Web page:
Mint is the Most Important Cooking Herb
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Posted by Eric Troy on 27 Aug 2013 20:34

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Bet you didn't know that mint, when it comes to cooking, is the biggest herb going. You can hardly make a dish calling for fresh herbs without using some mint.

What's that? You've never used mint in cooking? Mint is only for tea, mojitos, and mint juleps? I beg to differ. I'll bet you've used mint lots of times in cooking.

Confused? Well, I'm playing the semantics game, really. Or the botany game. To us, mint is an herb that has mint in its name and smells unmistakeably minty, like spearmint or peppermint. But to botanists, mint is a family of flowering plants, also known as the Lamiaceae or Labiatae1 family of plants. With 3,500 to 6,000 species, these plants grow all over the world and most of the familiar and important culinary herbs belong to it.

Plants of the mint family have square stems with nice smelling leaves arranged opposite each other on the stem. In fact, this is the way to recognize them, so you might want to memorize this so you can impress your friends at the produce section by rolling an herb in your fingers, or failing to, observing its paired opposite leaves, and saying, "ahh, a member of the mint family." The scent comes from small glands that contain volatile or essential oils. The small pink, purple, or white flowers tend to be arranged in clusters on the base of the uppermost leaves or in a spike coming off the top of the plant (called a terminal spike).


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If you have ever smelled basil, you may have guessed it was kin to mint, and, of course, you were right. Other mint family herbs besides the familiar plants we all know as mints are thyme, oregano, marjoram, sage, rosemary, savory, and lemon balm. Catnip is also a mint as well lavender. Some less familiar family members are hyssop and horehound. Most of the mint family blend well together in cooking.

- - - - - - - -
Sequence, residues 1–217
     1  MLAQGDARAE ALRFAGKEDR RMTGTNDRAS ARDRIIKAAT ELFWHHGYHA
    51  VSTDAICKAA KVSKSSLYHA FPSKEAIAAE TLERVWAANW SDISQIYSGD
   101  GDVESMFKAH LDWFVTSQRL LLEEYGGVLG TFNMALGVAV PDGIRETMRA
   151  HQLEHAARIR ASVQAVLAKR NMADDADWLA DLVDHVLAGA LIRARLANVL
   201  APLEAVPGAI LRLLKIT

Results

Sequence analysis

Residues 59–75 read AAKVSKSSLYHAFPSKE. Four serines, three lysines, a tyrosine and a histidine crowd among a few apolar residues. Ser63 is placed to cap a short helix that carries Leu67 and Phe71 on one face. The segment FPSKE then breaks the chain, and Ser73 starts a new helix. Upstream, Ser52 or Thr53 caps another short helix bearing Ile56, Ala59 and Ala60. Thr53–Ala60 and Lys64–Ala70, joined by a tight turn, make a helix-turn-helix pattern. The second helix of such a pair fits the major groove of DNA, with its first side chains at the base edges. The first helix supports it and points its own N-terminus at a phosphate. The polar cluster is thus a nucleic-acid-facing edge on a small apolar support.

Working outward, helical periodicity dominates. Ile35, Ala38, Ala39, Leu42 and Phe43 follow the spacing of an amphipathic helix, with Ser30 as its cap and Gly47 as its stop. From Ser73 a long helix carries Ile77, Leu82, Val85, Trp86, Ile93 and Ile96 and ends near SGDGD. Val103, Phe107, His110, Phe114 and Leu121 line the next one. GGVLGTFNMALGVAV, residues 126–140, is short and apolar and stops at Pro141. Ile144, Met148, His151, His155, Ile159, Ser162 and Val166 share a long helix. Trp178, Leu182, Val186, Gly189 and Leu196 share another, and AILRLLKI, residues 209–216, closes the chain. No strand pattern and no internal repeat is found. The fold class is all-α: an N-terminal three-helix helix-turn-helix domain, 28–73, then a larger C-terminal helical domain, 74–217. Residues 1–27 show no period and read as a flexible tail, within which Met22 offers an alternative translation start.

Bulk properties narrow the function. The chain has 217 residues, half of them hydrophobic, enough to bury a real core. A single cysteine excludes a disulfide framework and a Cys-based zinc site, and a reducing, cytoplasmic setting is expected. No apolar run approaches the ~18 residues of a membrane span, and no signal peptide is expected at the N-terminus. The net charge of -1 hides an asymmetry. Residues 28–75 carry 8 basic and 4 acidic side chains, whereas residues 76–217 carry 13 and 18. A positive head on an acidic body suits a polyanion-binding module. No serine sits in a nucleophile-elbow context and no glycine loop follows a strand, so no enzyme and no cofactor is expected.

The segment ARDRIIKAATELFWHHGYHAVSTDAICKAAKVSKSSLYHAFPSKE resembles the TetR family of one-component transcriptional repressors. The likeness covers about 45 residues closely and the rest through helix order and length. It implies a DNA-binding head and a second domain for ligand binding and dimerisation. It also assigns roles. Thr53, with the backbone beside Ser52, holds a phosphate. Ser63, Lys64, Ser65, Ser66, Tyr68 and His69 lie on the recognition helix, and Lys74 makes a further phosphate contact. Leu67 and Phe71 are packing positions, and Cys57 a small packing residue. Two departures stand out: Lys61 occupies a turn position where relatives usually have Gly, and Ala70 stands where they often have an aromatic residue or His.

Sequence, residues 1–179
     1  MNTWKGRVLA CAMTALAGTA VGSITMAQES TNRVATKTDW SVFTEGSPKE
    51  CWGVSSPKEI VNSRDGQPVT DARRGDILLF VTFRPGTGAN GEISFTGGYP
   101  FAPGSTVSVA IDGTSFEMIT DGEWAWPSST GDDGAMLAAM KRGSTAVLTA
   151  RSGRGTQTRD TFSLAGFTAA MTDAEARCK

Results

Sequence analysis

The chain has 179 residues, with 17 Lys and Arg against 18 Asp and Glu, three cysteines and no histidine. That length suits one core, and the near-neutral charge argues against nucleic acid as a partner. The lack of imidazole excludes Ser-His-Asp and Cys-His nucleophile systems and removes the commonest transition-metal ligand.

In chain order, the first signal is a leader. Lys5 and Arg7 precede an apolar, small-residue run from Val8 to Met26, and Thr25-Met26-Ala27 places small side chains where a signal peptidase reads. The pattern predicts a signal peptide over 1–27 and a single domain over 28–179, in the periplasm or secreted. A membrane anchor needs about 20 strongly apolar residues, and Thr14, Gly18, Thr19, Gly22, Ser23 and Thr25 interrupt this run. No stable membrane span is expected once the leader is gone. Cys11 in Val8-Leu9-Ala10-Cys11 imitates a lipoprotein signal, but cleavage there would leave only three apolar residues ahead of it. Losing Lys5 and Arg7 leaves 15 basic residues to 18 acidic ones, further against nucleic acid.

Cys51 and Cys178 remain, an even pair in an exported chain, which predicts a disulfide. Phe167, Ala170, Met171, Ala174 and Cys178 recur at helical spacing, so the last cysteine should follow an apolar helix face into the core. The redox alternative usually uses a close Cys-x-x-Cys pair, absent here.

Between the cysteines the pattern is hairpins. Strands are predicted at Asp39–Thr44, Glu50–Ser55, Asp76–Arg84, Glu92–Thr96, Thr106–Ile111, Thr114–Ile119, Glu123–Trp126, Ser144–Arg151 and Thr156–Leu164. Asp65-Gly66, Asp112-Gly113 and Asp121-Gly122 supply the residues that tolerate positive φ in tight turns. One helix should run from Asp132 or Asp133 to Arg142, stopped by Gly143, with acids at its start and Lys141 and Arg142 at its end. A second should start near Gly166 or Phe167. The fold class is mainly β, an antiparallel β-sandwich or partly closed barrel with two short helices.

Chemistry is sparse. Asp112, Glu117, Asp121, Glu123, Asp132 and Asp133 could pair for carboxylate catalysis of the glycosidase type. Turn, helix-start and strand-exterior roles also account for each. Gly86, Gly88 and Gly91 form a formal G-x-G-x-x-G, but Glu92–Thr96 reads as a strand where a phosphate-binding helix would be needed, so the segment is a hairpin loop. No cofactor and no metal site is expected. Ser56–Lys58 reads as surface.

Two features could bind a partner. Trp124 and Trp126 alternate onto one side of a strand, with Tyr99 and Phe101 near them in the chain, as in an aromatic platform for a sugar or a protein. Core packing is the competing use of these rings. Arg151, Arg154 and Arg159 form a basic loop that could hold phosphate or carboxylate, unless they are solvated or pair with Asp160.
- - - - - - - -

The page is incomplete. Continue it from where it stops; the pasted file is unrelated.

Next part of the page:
So see, I was right that mint is the most important herb in the kitchen. Okay, maybe it is not the most important one, that's really a matter of opinion. Mint certainly doesn't cover all the important culinary herbs. The runner-up is the parsley or Umbelliferae family or the Lilly family.


peppermint plant

Peppermint, shown here, is a hybrid mint, said to be the result of natural
crossbreeding between spearmint (Mentha spicata) and water mint
(Mentha aquatica) and discovered in an English field in the
17th century. It has more menthol, and so more bite, than it's
relatives.

peppermint plant

Peppermint, shown here, is a hybrid mint, said to be the result of natural
crossbreeding between spearmint (Mentha spicata) and water mint
(Mentha aquatica) and discovered in an English field in the
17th century. It has more menthol, and so more bite, than it's
relatives.


Parsley Family

Besides the familiar parsleys like curly leaf and flat leaf or Italian; there is cilantro, anise, dill, caraway, fennel, lovage, chervil, and even celery. I won't mind if you want to quibble with me about the ranking but most cooks know the mint family better. Even better known is the Lilly family.

Lilly Family

The Lilly family, or Liliaceae, you can simply think of as onions and garlic. But don't forget leeks, shallots, and chives. Whether you want to place it up top or second in ranking would depend on whether you actually thought of these as herbs. Most of us, I think, consider onions to be vegetables but the entire family can be considered herbs in the kitchen.

Aster Family

Then there is the aster family, or Compositae which includes tarragon. Sunflowers, artichokes, and dandelions are also in this family. In case you feel bad about tarragon and want to combine it with the more popular group, mints, I'd advise against it, but tarragon plays well with the parsley family.

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